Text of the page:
NBCUniversal’s Fandango buys Vudu from Walmart

Walmart bought Vudu in 2010 for a reported $100 million. (Vudu)

Fandango, a digital entertainment and movie ticket service owned by NBCUniversal, is buying competitor Vudu from Walmart.

In a blog post, Vudu promised users that “nothing about the Vudu experience is changing – your movie and TV library is safe, and you will continue to have access to all your Vudu apps across your favorite devices.” The financial terms of were not disclosed.

Vudu said that users can continue using their Walmart.com credentials to sign into the service and that, for the time being, both the Vudu and FandangoNow brands will continue to exist.

Walmart reportedly began shopping around Vudu last year. Earlier this year, NBCUniversal was rumored to be in talks to buy Vudu, which Variety said could be merged with FandangoNow.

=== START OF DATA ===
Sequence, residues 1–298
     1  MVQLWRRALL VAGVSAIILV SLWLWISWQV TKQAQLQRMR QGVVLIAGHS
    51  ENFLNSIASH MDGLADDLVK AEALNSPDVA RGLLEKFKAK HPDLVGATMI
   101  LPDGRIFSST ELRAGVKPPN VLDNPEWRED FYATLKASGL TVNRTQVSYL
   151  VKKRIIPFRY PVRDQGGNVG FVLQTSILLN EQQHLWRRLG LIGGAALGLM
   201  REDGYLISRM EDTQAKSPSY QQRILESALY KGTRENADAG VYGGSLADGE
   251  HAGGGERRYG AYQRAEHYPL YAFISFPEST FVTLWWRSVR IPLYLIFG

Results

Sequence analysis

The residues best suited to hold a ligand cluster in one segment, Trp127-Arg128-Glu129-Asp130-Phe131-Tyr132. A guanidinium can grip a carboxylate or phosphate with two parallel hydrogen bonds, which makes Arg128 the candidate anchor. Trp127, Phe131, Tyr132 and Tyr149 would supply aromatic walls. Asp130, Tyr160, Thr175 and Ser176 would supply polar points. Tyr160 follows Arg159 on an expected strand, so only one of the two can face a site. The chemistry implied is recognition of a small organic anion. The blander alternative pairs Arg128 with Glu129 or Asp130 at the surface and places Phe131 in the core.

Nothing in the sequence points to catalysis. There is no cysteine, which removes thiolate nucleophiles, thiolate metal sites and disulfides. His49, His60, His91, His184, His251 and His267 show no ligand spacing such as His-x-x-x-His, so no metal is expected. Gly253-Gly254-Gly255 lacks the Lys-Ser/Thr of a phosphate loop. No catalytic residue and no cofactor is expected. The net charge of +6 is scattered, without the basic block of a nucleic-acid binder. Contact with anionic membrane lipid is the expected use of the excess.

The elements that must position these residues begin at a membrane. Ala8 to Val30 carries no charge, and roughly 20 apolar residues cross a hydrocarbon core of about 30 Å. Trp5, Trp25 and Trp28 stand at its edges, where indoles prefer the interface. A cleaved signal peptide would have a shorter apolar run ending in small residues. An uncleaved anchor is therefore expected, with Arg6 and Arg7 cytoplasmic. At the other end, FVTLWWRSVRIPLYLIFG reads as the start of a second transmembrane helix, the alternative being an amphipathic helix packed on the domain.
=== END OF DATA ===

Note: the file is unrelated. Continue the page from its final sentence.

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Fandango, known widely as a movie ticket sales service, is a unit of NBCUniversal (Warner Bros. holds a minority stake in the company). The company was founded in 2000 and acquired by Comcast in 2007. In 2016, Fandango bought M-Go, and later rebranded it as FandangoNow, a digital storefront for renting or purchasing movies and TV shows.

As movie theaters remain shut down and studios experiment with premium-priced VOD releases for new movies, FandangoNow has been able to have some success. The recent straight-to-digital release for DreamWorks’ new “Trolls: World Tour” gave the service its best weekend ever.

“Following weeks of anticipation for its home premiere, ‘Trolls World Tour’ is now FandangoNow’s streaming debut champ, with the best preorders, first day and opening weekend sales we’ve ever seen,” said FandangoNow Head Cameron Douglas in a statement. “We’re pleased that families looking for a much-needed entertainment break are enjoying DreamWorks Animation’s latest movie on our service.”

Walmart bought Vudu in 2010 for a reported $100 million. In 2018, Walmart began plans for original series and movies on Vudu. That came after Walmart had reportedly abandoned plans to build its own streaming service – one that would target consumers in middle America.